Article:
I've always known she liked winter. The first winter we had her she loved romping around in the snow. We had to make her go inside because she started licking her paws to get the ice crystals free. Every winter when I let her out to do her business she'll just go lay in the snow either on the deck or in the yard, no matter how deep. Click here to see a picture. This year I made the observation that once it got warmer she'd go out and come right back in when she was finished, no lying around. Last night we got some snow, enough to cover the deck with a good coat. So here's Sadie basking in the sun, winter style, in the spring.


A dog who loves winter, a dog after my own heart. :)

The two-year shawl


This week I finally finished the knitted shawl I started about two years ago.




I did this whole thing by knitting for about 30 minutes a day while Amy was reading aloud to me during school. It's somewhere near 66 inches long and about 15 inches wide. And, yes, I'm glad to have it done (just in time for spring). It's pretty warm, so I'll be enjoying it on cool days.

Monday, March 22, 2010

The Return of Racism

The following is from the book Are You Liberal, Conservative or Confused? By Richard Maybury. In the chapter The Return of Racism he included an article he wrote in 1994.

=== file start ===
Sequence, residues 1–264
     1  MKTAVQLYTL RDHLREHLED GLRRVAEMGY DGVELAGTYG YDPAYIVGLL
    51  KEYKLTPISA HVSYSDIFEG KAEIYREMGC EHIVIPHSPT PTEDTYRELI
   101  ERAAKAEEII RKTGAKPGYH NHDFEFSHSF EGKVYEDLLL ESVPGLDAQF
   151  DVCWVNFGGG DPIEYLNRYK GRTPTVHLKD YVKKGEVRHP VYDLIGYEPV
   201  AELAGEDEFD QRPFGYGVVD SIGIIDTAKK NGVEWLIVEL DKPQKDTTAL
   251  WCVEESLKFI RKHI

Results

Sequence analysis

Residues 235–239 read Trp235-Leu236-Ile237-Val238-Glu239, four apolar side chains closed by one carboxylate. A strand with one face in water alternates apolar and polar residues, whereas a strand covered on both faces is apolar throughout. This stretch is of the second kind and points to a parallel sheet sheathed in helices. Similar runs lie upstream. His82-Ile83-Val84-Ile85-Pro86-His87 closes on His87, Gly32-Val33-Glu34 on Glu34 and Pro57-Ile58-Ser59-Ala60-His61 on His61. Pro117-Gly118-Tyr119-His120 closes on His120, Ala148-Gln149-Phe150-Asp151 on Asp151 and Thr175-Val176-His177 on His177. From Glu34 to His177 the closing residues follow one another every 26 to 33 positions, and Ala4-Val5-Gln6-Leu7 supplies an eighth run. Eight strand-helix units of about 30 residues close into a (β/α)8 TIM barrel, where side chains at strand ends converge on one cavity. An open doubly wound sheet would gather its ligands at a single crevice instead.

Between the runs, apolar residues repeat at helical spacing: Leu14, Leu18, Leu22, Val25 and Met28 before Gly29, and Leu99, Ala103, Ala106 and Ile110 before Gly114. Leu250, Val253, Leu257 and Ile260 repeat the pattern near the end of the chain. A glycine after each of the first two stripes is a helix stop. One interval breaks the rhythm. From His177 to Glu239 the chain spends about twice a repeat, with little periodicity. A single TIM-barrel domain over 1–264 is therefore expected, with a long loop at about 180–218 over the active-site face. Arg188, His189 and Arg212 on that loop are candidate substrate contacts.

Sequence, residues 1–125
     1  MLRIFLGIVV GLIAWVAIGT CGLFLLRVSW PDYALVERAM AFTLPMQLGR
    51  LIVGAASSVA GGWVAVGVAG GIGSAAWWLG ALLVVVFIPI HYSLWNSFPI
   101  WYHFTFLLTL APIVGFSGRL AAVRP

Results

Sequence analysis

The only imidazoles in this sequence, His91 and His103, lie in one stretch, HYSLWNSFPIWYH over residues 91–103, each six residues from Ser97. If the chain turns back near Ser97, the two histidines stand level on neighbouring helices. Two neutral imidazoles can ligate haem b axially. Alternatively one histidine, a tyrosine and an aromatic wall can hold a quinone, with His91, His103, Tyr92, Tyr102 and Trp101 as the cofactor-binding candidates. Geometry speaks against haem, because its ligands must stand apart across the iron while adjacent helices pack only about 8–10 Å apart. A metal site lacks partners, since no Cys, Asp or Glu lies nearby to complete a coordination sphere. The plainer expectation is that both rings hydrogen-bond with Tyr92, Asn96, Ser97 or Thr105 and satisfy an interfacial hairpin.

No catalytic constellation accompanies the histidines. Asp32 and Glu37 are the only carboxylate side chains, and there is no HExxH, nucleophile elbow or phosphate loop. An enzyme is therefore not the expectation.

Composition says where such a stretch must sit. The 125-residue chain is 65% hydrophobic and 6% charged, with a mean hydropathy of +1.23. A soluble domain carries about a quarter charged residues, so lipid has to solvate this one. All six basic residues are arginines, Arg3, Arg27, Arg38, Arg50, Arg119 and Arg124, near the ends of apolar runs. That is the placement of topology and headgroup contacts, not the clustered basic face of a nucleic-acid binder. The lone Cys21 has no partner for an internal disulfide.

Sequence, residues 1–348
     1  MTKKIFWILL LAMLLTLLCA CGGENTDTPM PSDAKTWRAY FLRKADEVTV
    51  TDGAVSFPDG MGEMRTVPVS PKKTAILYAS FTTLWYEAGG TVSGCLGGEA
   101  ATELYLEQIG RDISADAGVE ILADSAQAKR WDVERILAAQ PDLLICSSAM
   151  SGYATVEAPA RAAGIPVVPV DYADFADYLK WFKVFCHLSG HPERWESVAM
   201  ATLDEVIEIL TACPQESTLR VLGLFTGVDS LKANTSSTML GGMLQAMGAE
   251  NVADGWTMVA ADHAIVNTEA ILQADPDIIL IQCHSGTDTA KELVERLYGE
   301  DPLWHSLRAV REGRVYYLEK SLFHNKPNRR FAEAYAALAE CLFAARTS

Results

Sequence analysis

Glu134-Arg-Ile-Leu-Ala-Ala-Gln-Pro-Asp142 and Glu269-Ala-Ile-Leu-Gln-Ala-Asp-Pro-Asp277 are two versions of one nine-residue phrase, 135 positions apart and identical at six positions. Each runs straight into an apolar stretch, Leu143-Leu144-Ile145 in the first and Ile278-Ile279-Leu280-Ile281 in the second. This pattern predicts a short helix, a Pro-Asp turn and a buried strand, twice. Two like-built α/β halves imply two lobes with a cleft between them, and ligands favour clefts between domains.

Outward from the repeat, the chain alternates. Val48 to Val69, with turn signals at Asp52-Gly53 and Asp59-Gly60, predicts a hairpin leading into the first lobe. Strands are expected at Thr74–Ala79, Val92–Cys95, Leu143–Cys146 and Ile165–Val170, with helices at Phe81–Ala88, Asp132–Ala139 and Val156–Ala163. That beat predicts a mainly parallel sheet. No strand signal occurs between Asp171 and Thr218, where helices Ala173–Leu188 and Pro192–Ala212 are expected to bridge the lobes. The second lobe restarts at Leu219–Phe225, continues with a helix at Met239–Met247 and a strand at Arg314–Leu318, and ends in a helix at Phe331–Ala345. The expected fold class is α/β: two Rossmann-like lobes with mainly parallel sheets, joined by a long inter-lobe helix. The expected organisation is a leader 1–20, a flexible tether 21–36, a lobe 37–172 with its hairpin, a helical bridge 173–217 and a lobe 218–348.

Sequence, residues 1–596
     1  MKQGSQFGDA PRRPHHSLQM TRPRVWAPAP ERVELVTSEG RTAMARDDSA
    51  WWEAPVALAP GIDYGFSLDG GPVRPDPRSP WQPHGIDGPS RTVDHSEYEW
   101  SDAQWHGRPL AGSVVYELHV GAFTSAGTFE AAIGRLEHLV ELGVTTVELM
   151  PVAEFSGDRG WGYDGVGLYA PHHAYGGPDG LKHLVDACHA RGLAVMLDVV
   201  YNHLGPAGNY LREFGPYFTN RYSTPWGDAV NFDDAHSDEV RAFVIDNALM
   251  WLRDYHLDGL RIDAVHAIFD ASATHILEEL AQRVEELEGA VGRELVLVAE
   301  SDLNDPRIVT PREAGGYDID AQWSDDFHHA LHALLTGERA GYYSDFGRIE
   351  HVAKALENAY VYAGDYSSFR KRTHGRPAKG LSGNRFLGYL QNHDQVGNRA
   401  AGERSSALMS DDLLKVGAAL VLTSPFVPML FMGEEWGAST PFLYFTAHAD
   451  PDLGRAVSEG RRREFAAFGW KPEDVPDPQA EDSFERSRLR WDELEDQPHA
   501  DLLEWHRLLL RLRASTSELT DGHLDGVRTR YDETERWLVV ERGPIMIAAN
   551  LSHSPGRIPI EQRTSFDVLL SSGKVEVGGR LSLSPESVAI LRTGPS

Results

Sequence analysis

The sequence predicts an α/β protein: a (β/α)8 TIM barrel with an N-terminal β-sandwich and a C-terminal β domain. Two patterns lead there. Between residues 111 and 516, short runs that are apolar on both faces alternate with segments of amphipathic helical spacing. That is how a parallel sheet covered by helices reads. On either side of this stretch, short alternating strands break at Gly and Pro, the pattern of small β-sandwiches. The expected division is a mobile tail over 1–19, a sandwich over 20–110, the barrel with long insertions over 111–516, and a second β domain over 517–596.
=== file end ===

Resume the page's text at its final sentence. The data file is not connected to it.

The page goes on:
"Recently I visited Orange County in Southern California. Didn't see any orange groves but did see two vacant lots. In Southern California these qualify as wilderness.

The occasion was my 30th high school reunion. It was great to see old friends but also sad. Things have changed, and not for the better. The old high school is a maze of fences and walls. I've seen prisons and military bases that were less heavily fortified. The night before the reunion someone torched the administration building. In our day this was every kid's fantasy, now they actually do it. No self-restraint. Rotten apples galore. Barbarism.

At the reunion, gazing across this crowd of some 400 middle-aged baby boomers, I was struck by how much progress America has lost.

This graduating class was of all colors. There, in Orange County in the mid-1960s, centuries of racism had been thrown into full retreat.